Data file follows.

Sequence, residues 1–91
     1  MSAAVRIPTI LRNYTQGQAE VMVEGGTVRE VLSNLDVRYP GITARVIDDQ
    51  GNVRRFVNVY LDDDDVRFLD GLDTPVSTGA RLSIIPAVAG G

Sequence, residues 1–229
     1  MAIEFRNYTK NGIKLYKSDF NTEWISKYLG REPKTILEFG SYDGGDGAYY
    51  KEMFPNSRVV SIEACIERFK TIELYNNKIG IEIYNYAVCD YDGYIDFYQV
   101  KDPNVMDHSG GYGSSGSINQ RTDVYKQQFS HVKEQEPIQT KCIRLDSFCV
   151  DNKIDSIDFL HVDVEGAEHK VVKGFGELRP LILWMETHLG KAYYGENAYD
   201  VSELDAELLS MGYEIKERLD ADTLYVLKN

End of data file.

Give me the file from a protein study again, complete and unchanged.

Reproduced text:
Sequence, residues 1–91
     1  MSAAVRIPTI LRNYTQGQAE VMVEGGTVRE VLSNLDVRYP GITARVIDDQ
    51  GNVRRFVNVY LDDDDVRFLD GLDTPVSTGA RLSIIPAVAG G

Sequence, residues 1–229
     1  MAIEFRNYTK NGIKLYKSDF NTEWISKYLG REPKTILEFG SYDGGDGAYY
    51  KEMFPNSRVV SIEACIERFK TIELYNNKIG IEIYNYAVCD YDGYIDFYQV
   101  KDPNVMDHSG GYGSSGSINQ RTDVYKQQFS HVKEQEPIQT KCIRLDSFCV
   151  DNKIDSIDFL HVDVEGAEHK VVKGFGELRP LILWMETHLG KAYYGENAYD
   201  VSELDAELLS MGYEIKERLD ADTLYVLKN